What we can learn from Facebook's 30 minute outage
Facebook is at the heart of delivering applications to a generation of content-hungry consumers, who expect short, intense experiences and flawless execution when they engage with brands. Because of this, companies like Facebook invest millions to ensure their platforms are robust enough to withstand almost any situation.
Apps look simple to the user, but under the hood they are often incredibly complex. When someone Likes a post on Facebook or places a comment, a single click triggers millions of lines of code and activates thousands of servers, so managing these applications is challenging.
This week's outage goes to show, that despite this investment, focus and effort, even Facebook can suffer from performance problems and outages. In these situations, it is key for businesses to have a deep understanding of the interactions users are making with their applications.
The public outcry surrounding Facebook's 30 minutes of downtime echoes findings from our new research: consumers can be more loyal to a brand's app than to the brand itself, having little patience for slowdowns and even less for outages.
This is indicative of the seismic shift we're witnessing in how customers are interacting with and buying from organizations. These days, much of the interaction between consumers and businesses is via a mobile app -- according to research by Kleiner Perkins, mobile applications now account for 25 percent of all internet traffic, with 1.6 billion users around the world.
Those users expect their experience to be flawless. Nearly half of the 2,000 respondents we surveyed said they were less tolerant of problems with apps or websites than they were just a few years ago.
With so many social networks and messaging apps available, if consumers experience slowdown or outages, it is extremely easy for them to switch and use alternative platforms. This means that businesses are losing customers, confirmed by our research: 56 percent said they'd experienced a mobile app crashing in the past 12 months, an experience that 62 percent said was "frustrating" -- and some 20 percent said that a crash meant they were less likely to use the app or website again.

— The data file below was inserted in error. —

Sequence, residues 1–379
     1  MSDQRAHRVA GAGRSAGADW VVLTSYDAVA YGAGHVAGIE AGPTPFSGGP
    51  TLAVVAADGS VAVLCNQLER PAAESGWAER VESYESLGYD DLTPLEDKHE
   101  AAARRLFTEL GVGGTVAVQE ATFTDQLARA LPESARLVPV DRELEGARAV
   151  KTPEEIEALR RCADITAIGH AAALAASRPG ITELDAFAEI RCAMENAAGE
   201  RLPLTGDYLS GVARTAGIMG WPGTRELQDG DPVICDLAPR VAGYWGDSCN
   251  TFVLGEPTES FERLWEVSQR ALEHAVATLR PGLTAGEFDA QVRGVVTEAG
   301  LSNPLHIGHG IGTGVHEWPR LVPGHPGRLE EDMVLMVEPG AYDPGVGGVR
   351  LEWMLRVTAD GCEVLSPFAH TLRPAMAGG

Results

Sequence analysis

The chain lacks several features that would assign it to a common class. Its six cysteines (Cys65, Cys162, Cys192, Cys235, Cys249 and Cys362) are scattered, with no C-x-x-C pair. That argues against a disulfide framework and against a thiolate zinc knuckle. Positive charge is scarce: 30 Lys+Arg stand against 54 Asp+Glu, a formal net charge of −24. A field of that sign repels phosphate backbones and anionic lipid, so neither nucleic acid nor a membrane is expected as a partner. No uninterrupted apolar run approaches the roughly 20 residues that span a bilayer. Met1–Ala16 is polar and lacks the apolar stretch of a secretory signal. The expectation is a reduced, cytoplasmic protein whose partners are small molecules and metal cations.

The lesson is that users are most likely to look for an alternative when an app or website crashes -- 38 percent said that they would look elsewhere, while 23 percent said they would stop using that website altogether.
Yesterday's outage serves as a reminder that we are living in an applications economy, where just seconds of downtime can have a severe impact on business revenues and customer loyalty. In Facebook's case, some estimate the social network lost $500,000 in ad revenue.
For many organizations today, business success is now defined by software. Applications not only contribute to corporate performance, they are the main source of revenue for an increasing number of businesses spanning multiple sectors, retail to banking, media to travel. These companies, such as Expedia, iTunes and Nike, need to have a range of tools at their disposal to monitor the performance of their IT back ends which can then respond quickly to -- or even predict -- problems before their users notice and go elsewhere.
These tools provide application intelligence which ensure business certainty. Certainty helps trains run on time, multinational chains run like clockwork, and enables the impossibly complex to become elegantly efficient. It is the deployment and use of such tools in a business environment that depends extensively on the performance of its software that is one of the defining factors of an age in which "software is eating the world", as Marc Andreessen, one of the key entrepreneurs of the web age, so astutely put it.
Customers who have come of age in the digital world are demanding. Whether making an online purchase, streaming video and music content or checking a bank balance, they demand flawless execution of the technology they utilize.
For the businesses that focus on delivering the best user experience, the rewards are high. Our research revealed that 32 percent of those responding would spend more money with an organization that has a good mobile app, while 30 percent said they would be prepared to pay more for a product or service if the provider's app performed better than that of a rival.
The bottom line is that organizations must deliver a reliable, consistent mobile experience. Key to this is having the necessary Application Intelligence so that any problems can be anticipated or rapidly solved.
Tom Levey is a tech evangelist for AppDynamics.
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